Trade More with South America to Counter Chavez, Experts Say

July 7, 2008 - 8:23 PM

(CNSNews.com) - Free trade agreements can help forge alliances with Latin American nations eager to push back against the growing influence of Hugo Chavez, the virulently anti-U.S. leader of Venezuela, contend some foreign policy experts.

The alliances Chavez, a Marxist, has forged with rogue regimes could jeopardize U.S. national security in its own hemisphere, unless a concerted effort is made to re-establish economic and political ties with Central and South American countries, Juan Carlos Hidalgo, project coordinator for Latin America at the Cato Institute, told Cybercast News Service.

This sentiment is shared by policy analysts with the American Security Council Foundation (ASCF), a Washington D.C.-based think tank, which recently released a documentary (See Related Story) that explores the connection between Chavez and foreign governments identified by U.S. officials as state sponsors of terrorism.

The Venezuelan leader has been actively courting Iran, North Korea, Syria and Cuba. Russia has also figured into the equation. The Heritage Foundation notes that Caracas recently signed contracts worth $3 billion to acquire some 30 Russian military airplanes, more than 50 helicopters and 100,000 assault rifles.

"Hugo Chavez is a very a real threat to this country, and our way of life," Rep. Connie Mack (R-Fla.) told Cybercast News Service. "When you look at what he's doing, it's all right out of Fidel Castro's playbook. He's trying to mimic the relationship Fidel had with Russia but he's doing this with Iran."

But Larry Birns, director of the Council on Hemispheric Affairs (COHA), diverges sharply from this assessment and notes that Chavez was popularly elected. He also said the vision Chavez has for "socialism of the 21st century" holds considerable promise for the poor in his country.

U.S. officials who have questioned the commitment Chavez has to democratic ideals offer up disingenuous and hypocritical arguments that excuse transgressions in other Latin American countries more amiably disposed toward U.S. policy, said Birns.

"When it comes to friends and enemies in Latin America, Washington has a selective indignation," he said. For instance, Chavez has been criticized for meddling with his country's court system, at the same time a "major scandal" involving Colombian President Alvaro Uribe and his country's high court has emerged, Birns said. Nevertheless, the U.S. has declined to comment out of deference to Uribe, he added.

Although it is an ally of the U.S., Colombia is now being eyed by Chavez and could conceivably be "his greatest prize," said Hidalgo. Colombia is viewed as a key part of the greater Bolivian Republic that Chavez envisions, he explained.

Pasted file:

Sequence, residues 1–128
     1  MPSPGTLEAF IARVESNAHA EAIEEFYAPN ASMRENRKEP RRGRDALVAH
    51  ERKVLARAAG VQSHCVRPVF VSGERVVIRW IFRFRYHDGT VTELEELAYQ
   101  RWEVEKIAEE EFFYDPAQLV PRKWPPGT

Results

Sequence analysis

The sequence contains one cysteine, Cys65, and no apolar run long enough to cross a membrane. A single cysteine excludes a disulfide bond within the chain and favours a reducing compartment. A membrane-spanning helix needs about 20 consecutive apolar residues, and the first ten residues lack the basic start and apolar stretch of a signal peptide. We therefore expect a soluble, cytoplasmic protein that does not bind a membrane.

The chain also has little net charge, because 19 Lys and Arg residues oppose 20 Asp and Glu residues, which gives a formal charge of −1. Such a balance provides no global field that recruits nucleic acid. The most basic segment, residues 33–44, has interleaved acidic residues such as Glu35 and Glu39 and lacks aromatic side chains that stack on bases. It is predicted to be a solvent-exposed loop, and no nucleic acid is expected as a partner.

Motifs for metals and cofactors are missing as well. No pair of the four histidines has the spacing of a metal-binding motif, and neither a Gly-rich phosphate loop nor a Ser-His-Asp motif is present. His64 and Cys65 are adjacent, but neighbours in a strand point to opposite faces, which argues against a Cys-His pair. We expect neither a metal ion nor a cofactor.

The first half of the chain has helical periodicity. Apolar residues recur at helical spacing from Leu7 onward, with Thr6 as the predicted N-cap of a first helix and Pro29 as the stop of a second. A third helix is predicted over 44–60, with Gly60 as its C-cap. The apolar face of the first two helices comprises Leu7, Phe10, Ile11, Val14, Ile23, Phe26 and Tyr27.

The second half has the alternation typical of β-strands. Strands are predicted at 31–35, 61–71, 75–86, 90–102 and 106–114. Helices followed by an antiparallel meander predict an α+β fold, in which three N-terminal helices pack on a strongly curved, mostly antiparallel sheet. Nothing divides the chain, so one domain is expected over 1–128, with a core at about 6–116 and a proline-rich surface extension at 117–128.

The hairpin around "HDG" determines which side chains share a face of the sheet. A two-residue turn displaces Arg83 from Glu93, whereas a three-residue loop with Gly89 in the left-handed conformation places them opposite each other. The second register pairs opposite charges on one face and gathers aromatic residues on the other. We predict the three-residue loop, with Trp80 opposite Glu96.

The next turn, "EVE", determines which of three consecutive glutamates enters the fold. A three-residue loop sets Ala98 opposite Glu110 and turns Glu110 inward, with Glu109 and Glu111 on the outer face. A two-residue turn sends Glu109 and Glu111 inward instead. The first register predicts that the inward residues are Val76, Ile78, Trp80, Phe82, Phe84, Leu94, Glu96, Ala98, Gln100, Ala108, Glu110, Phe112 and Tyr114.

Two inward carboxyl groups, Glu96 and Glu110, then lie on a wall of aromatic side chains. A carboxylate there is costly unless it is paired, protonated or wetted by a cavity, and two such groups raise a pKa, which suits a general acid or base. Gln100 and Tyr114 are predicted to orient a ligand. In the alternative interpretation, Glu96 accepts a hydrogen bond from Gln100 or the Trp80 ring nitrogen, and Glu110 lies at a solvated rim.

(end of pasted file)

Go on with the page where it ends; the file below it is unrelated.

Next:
There is a danger Colombia could begin to lean toward Chavez, if the U.S. Congress fails to approve a free trade agreement while reducing financial aid, Hidalgo said. For this reason, he recommends U.S. officials reverse course and lock-in free trade agreements with Colombia and other Latin American countries receptive to U.S. investment.

Hidalgo also sees an opportunity opening for a "strong alliance" with Brazil that would help to keep Chavez in check. Luiz In?cio Lula da Silva, president of Brazil, has been distancing himself from the Venezuelan leader while maintaining a constructive dialogue with Washington, he said.

The Brazilian Senate recently voted against granting Venezuela membership into Mercosur, the South American trading bloc established by Argentina, Brazil, Paraguay and Uruguay in 1991.

Chavez's decision to decline the renewal of a broadcasting license for an opposition television station has been cited by some Brazilian officials for keeping him out of the trading bloc.

"This is the definition of chutzpah," Birns said. "The Brazilian Senate is clearly one of the most corrupt political bodies in the world. There's been a scandal practically every day taking place there."

In the end, Birns anticipates a compromise that would allow Venezuela to join the trading bloc. He also sees Latin American countries breaking away from the sphere of U.S. influence in response to the "malign neglect" on the part of Washington policymakers.

The U.S. State Department has deliberately avoided engaging Chavez to the detriment of U.S. interests, Mack told Cybercast News Service. U.S. officials are reticent to openly confront Chavez in the political sphere out of fear they might unwittingly elevate his profile and prestige, Mack said. These concerns are misguided in his view.

"We need to speak to the people of Venezuela and Latin America," he said. "They feel we've forgotten them with our attention focused on other parts of the world. We haven't been a good neighbor. There is a lot of poverty, and this is why the people of Latin America are open to influence from Chavez and Ahmadinejad."

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